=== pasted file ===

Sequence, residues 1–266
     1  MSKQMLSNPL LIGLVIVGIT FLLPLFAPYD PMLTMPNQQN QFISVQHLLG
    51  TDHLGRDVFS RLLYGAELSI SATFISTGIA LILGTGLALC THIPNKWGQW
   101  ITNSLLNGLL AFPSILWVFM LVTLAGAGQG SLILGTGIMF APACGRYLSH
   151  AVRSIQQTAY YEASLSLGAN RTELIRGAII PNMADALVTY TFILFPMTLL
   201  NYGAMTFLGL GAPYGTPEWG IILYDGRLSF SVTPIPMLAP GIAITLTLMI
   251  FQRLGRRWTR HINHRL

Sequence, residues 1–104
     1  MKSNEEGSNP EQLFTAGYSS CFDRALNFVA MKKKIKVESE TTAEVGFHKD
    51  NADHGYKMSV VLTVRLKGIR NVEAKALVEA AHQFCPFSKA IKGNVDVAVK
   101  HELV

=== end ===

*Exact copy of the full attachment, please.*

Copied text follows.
Sequence, residues 1–266
     1  MSKQMLSNPL LIGLVIVGIT FLLPLFAPYD PMLTMPNQQN QFISVQHLLG
    51  TDHLGRDVFS RLLYGAELSI SATFISTGIA LILGTGLALC THIPNKWGQW
   101  ITNSLLNGLL AFPSILWVFM LVTLAGAGQG SLILGTGIMF APACGRYLSH
   151  AVRSIQQTAY YEASLSLGAN RTELIRGAII PNMADALVTY TFILFPMTLL
   201  NYGAMTFLGL GAPYGTPEWG IILYDGRLSF SVTPIPMLAP GIAITLTLMI
   251  FQRLGRRWTR HINHRL

Sequence, residues 1–104
     1  MKSNEEGSNP EQLFTAGYSS CFDRALNFVA MKKKIKVESE TTAEVGFHKD
    51  NADHGYKMSV VLTVRLKGIR NVEAKALVEA AHQFCPFSKA IKGNVDVAVK
   101  HELV